It was a dog’s bark that launched John and Molly Chester’s dream.
Until then, Molly’s vision of owning a farm was limited to a few tomato plants on the fire escape of the apartment she shared with her husband. But it wasn’t any old farm. This farm would work in harmony with the forces of the ecosystem around it and boast hundreds of plant and animal species.
John and Molly lived in Los Angeles – a filmmaker and a private chef, respectively – when they adopted Todd, a scruffy black rescue dog with a knowing gaze. Their connection to Todd was immediate. Maybe too much so. Not long after his adoption, Todd’s constant barking whenever the couple left the house prompted an eviction notice. Unwilling to part with him, the couple remembered Molly’s dream. Eight years later, this dream is a reality at Apricot Lane Farms, located outside of Santa Barbara, CA. The couple’s journey to transforming Apricot Lane Farms is captured on film in director John Chester’s documentary “The Biggest Little Farm.”
The Knockturnal covered “The Biggest Little Farm” last fall when it premiered at DOC NYC. If you’re curious to hear our take on the film, you can read the review here.
The film premiered in New York at the Quad Cinema on April 30th, drawing viewers of all ages. It features simple storytelling, beautiful wildlife cinematography, and profound themes of interconnectivity.
“I think that there is a universally shared anxiety about the disconnect, and the cost of that disconnect, from our ecosystem,” suggests John. “I think what a lot of people are finding is this incredible hope in a farm that is actually harnessing the power and the complexity of an ecosystem to find a coexistence. And not just a coexistence, but…a regeneration in the land’s biodiversity.”
This theme of connection and hope helps explain why John and Molly’s endeavors resonated with younger generations. In 2010, as their journey began, they needed a lot more hands on deck. The couple created a profile on World Wide Opportunities on Organic Farms (WWOOF), a website that matches people interested in organic farming with organic farmers. Responses from young people around the world poured in. They were interested in how their food is grown, treating animals humanely, and of course, avoiding a 9-5 desk job.
“A lot of them, to their parent’s disappointment after spending thousands of dollars on a college degree, didn’t see the value in it. So they were always here under slight duress.” John chuckles lightly. “But I think a lot of them were really seeking to be connected to something that felt purposeful.”
It’s not hard to understand the drive of those WWOOF volunteers. After all, younger generations are the ones driving global shifts towards veganism and eco-conscious consumption. These trends suggest a greater awareness of our place in the world, and the effect our actions have on other living beings.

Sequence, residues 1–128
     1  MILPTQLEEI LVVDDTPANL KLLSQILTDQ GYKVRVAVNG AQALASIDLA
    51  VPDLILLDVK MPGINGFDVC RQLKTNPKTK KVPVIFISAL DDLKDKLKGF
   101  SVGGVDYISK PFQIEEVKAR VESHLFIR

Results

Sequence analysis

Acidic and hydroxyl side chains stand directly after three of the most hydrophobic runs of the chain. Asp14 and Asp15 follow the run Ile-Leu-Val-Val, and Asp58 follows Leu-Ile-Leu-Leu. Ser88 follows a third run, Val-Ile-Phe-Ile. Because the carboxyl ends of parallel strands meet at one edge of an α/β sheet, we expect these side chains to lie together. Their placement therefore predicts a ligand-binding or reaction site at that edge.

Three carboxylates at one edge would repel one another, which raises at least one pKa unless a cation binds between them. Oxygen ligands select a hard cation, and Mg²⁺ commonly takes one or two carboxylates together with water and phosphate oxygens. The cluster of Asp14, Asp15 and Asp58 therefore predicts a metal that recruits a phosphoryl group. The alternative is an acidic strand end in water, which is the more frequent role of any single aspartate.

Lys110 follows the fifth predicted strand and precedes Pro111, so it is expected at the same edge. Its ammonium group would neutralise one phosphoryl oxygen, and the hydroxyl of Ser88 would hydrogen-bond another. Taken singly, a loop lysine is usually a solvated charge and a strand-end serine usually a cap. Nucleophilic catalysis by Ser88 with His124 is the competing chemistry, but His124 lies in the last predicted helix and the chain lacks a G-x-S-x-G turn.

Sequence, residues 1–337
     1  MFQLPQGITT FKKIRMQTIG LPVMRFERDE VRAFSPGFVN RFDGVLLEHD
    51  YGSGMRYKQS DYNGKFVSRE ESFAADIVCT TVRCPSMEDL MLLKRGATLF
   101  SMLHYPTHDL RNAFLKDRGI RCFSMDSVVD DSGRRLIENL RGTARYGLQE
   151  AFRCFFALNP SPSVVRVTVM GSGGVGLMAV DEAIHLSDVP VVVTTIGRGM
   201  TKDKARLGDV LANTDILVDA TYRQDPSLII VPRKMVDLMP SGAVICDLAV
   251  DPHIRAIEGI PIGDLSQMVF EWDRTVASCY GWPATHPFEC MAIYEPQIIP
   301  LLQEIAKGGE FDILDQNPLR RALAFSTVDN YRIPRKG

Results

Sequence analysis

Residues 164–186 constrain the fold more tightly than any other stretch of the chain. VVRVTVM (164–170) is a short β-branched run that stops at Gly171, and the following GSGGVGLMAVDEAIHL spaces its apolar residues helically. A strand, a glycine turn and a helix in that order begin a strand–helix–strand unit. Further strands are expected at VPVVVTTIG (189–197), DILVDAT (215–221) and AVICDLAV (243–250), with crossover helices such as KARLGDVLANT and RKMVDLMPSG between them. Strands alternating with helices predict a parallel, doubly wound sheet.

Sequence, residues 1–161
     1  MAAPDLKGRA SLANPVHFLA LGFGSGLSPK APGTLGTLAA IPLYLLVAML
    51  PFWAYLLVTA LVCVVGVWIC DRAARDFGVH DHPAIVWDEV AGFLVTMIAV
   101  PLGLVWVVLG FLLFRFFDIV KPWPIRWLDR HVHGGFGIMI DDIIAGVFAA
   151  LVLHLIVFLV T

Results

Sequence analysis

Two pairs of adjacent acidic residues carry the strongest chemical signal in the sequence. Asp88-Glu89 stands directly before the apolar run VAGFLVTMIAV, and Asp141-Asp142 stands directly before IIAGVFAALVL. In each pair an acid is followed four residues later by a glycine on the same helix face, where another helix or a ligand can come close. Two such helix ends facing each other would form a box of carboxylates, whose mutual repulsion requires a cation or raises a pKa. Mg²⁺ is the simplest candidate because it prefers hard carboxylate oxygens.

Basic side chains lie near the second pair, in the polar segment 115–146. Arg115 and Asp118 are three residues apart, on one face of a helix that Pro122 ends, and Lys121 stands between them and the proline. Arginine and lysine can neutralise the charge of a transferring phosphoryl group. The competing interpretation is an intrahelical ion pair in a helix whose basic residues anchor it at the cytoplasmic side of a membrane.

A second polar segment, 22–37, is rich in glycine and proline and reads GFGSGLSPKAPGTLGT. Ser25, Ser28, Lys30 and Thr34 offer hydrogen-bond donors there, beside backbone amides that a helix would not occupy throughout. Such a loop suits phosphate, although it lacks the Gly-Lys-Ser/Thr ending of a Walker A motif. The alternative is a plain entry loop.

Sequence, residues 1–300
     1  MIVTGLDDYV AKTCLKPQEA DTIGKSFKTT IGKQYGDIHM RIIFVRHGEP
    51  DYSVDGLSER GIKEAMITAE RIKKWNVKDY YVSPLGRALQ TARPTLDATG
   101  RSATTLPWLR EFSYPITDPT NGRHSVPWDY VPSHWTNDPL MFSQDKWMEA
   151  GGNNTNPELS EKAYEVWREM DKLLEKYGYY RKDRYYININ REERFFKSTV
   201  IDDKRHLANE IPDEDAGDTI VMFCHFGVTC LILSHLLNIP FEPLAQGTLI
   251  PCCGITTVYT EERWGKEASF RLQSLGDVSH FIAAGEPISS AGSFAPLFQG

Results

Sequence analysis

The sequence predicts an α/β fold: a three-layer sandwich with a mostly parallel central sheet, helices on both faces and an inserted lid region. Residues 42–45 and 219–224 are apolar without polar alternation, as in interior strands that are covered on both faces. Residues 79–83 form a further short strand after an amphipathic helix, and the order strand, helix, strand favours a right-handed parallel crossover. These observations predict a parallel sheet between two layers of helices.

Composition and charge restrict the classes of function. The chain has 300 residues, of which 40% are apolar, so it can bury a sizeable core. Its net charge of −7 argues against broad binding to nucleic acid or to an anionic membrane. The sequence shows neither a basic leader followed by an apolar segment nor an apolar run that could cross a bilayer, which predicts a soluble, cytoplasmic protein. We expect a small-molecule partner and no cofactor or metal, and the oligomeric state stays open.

John sees potential in these young people, and in how they’ll carry on the legacy of Apricot Lane Farms. Many continue to work on the farm as full-time employees, and others have left to work on other farms. Some have even started their own, passing on techniques they learned with John and Molly.
He sees potential in the film’s audience as well, especially those still in school. The website offers educational programs for schools – free screenings and other resources on sustainability and farming.
“Third graders are the reason we started wearing seat belts in the 70s because they forced all their parents to wear seatbelts,” says John when asked about how he hopes his film might affect young audiences. “Third graders are the reason we got parents to stop smoking and third graders are the reason that we started recycling.”
For John, these young people and children, whose minds remain unjaded and hearts open to the possibilities of the future, are the greatest forces of change.
In hindsight, it’s not difficult to comprehend the film’s draw, but the attention it garnered surprised the filmmakers.
“It’s shown Molly and I that people care about what we care about more than we had ever thought,” John muses. “Our hope was that people would just buy our food if we worked really hard to grow it the way that we do. I think what we’re finding is a culture and a connection to a community of people that, more than just wanting to buy the food, are just happy and inspired to know that we exist. And finding their own way to contribute.”
In an isolating political climate and with a growing sense of urgency around climate change, the story of a couple chasing a dream of harmonious biodiversity is energizing. The film offers a new perspective, where obstacles are nothing but opportunity, conflicts give way to the community, and a dog’s bark isn’t a nuisance, but a catalyst.
Besides maintaining the ecosystem he and Molly have cultivated at Apricot Lane, John has written a series of children’s books based on their farm animals. Check out the first in the series, “Saving Emma the Pig,” here.
The Biggest Little Farm premieres this Friday, May 10th. Check out the website here.
If you’re curious about Apricot Lane Farms, or you’d like to visit, check out their website here.